For one hundred days, I’m going to post a writing tip each day. I have a whole bookshelf full of writing books and I want to do some reading and increased studying of this valuable resource. This will help me keep track of anything I’ve learned, and help motivate me to keep going. If anyone has a favorite tip of their own to add, contact me. I’d love to put it up here.
Today’s tip – To get started, write one true sentence
Source – Earnest Hemmingway, from A Moveable Feast
Sometimes when I was starting a new story and I could not get it going, I would sit in front of the fire and squeeze the peel of the little oranges into the edge of the flame and watch the sputter of blue that they made. I would stand and look out over the roofs of Paris and think, “Do not worry. You have always written before and you will write now. All you have to do is write one true sentence. Write the truest sentence that you know.” So finally I would write one true sentence, and then go on from there. It was easy then because there was always one true sentence that I knew or had seen or had heard someone say. If I started to write elaborately, or like someone introducing or presenting something, I found that I could cut that scrollwork or ornament out and throw it away and start with the first true simple declarative sentence I had written.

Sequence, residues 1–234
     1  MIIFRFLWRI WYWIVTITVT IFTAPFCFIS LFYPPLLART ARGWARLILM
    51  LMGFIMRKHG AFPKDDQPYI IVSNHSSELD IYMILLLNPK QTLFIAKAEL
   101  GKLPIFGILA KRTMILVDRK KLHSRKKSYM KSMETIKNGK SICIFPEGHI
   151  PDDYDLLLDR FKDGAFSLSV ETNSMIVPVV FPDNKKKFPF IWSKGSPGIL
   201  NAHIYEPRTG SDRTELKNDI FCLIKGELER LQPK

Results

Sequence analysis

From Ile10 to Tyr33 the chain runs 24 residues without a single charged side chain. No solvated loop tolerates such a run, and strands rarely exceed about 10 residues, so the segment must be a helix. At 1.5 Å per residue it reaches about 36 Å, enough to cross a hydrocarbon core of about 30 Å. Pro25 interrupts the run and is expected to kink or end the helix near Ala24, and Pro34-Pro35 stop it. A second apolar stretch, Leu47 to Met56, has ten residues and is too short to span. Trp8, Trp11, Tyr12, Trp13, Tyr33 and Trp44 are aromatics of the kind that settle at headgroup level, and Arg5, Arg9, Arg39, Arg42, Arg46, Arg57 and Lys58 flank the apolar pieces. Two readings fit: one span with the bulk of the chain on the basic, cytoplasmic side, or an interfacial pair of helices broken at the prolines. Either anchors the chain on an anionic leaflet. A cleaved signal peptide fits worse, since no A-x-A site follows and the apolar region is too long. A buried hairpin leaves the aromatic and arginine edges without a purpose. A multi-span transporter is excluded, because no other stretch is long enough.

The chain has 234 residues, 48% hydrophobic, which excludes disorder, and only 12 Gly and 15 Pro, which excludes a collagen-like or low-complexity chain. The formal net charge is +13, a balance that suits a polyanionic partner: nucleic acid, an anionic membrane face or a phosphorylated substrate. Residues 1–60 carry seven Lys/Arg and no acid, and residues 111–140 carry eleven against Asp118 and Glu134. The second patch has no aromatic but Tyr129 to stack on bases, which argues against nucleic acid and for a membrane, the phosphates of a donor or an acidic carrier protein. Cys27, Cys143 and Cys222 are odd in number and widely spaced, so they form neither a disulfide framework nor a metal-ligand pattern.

Like a lot of people, I finally made it around to read A Moveable Feast after the attacks in Paris. I have loved Hemmingway’s fiction, especially his short stories, for a long time. I have always admired his economy of words more than anything. The idea of a memoir about the halcyon days in Paris between the wars always felt too precious for my taste, so I didn’t read it until recently. I was wrong.
Among other things, there is so much good writing advice in A Moveable Feast. The pages spell out in detail Hemmingway’s method of writing, including his habit of writing in cafes.
And a few hints… like this one today.